“I had a mind to make a body of more or less connected legend, ranging from the large and cosmogonic, to the level of romantic fairy-story – the larger founded on the lesser in contact with the earth, the lesser drawing splendour from the vast backcloths – which I could dedicate simply to: to England; to my country… I would draw some of the great tales in fullness, and leave many only placed in the scheme, and sketched. The cycles should be linked to a majestic whole, and yet leave scope for other minds and hands, wielding paint and music and drama.”
So wrote J. R. R. Tolkien to his publisher Milton Waldman in 1951. He was talking about his ambitions as a youth when he first started creating the stories of elves and other magical creatures that he ambitiously hoped would serve as a new mythology for England. Over time, those stories became the historical backdrop of his landmark fantasy works The Hobbit and The Lord Of The Rings. And indeed, other minds and hands have taken those stories and adapted them into a number of different media including radio drama, animated movies and television specials and live action films.
And now a new set of minds and hands are taking their turn at telling some of these tales in Amazon Prime’s The Lord Of The Rings: The Rings Of Power. This new series, which is planned to run five seasons or approximately fifty hours in total, is set thousands of years before the events of The Lord Of The Rings and chronicles the story of Middle-Earth’s Second Age. It was a time when the world was recovering from one great war among mighty powers and looking towards a peaceful future. But across Middle-Earth, events are starting to unfold in ways that suggest that peace might be short-lived.
The first two episodes, which premier this Friday on the streaming service, are a delightful return to Middle-Earth, especially for those who are more familiar with it from Peter Jackson’s Lord Of The Rings films. The show very much embraces the epic visual style Jackson employed with vast sweeping vistas and production design that hints at underlying centuries of culture and histories yet to be told. And while Jackson wasn’t involved with this new series, much of the design of things feels familiar to his cinematic interpretations. That is due to both the Jackson films and The Rings Of Power sharing the services and sensibilities of long-time Tolkien illustrator John Howe.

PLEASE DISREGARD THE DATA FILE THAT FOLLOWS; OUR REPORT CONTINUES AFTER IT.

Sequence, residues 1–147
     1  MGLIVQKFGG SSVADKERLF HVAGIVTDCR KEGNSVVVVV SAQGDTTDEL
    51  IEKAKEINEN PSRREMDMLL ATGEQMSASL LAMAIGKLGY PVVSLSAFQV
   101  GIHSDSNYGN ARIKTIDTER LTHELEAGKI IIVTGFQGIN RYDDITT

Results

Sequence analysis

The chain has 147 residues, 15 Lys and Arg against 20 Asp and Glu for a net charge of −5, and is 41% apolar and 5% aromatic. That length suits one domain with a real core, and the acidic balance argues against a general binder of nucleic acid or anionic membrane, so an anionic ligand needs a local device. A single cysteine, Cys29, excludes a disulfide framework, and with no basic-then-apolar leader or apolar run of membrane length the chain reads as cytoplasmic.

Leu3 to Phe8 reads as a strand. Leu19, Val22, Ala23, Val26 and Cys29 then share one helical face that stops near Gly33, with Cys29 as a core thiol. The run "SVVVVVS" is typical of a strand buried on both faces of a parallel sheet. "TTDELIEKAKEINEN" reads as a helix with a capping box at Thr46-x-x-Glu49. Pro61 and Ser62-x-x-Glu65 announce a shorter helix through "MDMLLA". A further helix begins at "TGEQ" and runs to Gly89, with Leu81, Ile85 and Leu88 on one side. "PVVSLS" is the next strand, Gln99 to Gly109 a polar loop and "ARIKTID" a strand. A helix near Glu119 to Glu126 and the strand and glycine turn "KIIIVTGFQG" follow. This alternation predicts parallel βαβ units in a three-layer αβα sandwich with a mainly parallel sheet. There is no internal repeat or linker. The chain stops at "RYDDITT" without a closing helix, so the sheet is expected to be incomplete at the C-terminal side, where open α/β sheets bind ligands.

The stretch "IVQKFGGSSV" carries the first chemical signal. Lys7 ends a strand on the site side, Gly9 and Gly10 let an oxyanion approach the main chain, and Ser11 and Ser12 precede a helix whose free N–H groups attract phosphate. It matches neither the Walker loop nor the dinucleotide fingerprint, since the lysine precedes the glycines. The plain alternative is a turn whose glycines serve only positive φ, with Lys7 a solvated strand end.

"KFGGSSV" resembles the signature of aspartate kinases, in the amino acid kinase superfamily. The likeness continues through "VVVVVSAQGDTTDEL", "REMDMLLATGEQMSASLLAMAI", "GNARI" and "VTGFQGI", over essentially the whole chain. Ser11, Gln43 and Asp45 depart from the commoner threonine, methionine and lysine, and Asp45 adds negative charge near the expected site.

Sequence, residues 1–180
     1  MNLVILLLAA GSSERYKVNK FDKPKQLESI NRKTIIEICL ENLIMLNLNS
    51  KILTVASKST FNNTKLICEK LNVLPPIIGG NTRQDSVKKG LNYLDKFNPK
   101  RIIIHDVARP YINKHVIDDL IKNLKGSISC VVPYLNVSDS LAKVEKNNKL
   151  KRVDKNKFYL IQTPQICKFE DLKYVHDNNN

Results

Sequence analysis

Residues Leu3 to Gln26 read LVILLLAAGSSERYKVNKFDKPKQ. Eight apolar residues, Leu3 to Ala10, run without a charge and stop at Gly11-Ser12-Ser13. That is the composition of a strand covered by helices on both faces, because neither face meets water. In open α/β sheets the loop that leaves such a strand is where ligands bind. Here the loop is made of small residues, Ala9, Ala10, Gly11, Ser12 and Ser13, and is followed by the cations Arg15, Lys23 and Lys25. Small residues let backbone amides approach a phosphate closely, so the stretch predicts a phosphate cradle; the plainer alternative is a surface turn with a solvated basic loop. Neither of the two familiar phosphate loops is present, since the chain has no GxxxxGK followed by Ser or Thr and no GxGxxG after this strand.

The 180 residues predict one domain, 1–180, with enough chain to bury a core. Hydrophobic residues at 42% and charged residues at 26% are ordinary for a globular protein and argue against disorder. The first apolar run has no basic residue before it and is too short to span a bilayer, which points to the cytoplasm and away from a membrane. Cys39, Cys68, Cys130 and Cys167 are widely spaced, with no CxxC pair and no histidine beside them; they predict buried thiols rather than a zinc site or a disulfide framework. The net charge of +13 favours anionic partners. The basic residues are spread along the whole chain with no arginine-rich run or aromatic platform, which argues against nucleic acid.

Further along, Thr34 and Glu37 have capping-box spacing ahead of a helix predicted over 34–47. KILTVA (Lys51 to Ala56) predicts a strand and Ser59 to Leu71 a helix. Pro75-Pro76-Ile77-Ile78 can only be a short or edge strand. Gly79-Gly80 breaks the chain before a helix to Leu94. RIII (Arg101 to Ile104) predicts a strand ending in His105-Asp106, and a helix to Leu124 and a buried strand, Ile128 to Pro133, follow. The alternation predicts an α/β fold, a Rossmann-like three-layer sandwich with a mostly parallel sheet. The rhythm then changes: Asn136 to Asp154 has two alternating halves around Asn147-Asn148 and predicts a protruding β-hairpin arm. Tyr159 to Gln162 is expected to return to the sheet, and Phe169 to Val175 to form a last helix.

Beyond that scope, the two premier episodes, both written by showrunners Patrick McKay and John D. Payne, does a deft job of introducing viewers to the world of the Second Age of Middle-Earth. A number of characters and locales are introduced, some familiar and some new for general audiences while also balancing character moments with story beats that keep the action flowing. Director J.A. Bayona keeps things moving while still giving us enough time to get to know the major players in this large ensemble cast.
But beyond the quality and entertainment value of the series will always be the question of faithfulness to the source material. Does it keep canon with Tolkien’s broader writings about the history of Middle-Earth? Does it fit into the scope of what Tolkien created without straying beyond the sketched lines?
That is a hard question to answer in the moment. The series is et to run for five hours and approximately fifty hours. So far, only the first two hour-long episodes that premier at the end of this week have been made available to critics for review. That would be like trying to judge Peter Jackson’s three film adaptation of The Lord Of The Rings by only the first twenty minutes of Fellowship Of The Rings. (So basically just barely past Bilbo’s Birthday Party sequence.)
To my mind, as one who first read The Hobbit almost 45 years ago and who regularly revisits much of Tolkien’s Middle-Earth writings as well as a few podcasts dedicated to his work, nothing seems to be out of bounds here so far. Tolkien’s writing about this time in Middle-Earth’s history is broad enough to comfortably fit what occurs in these two episodes, “the paint and music and drama.” There are some elements introduced in these first two episodes that may or may not have been created from whole cloth for the series. But they just may be turn out to be details added to a Tolkien notion that was not very deeply fleshed out previously.
Time will ultimately tell if The Rings Of Power is a tale that compliments Tolkien’s Middle-Earth or not. But hopefully, this new series will take viewers on as adventurous and rewarding a journey as the ones undertaken by the heroes of The Hobbit and The Lord Of The Rings.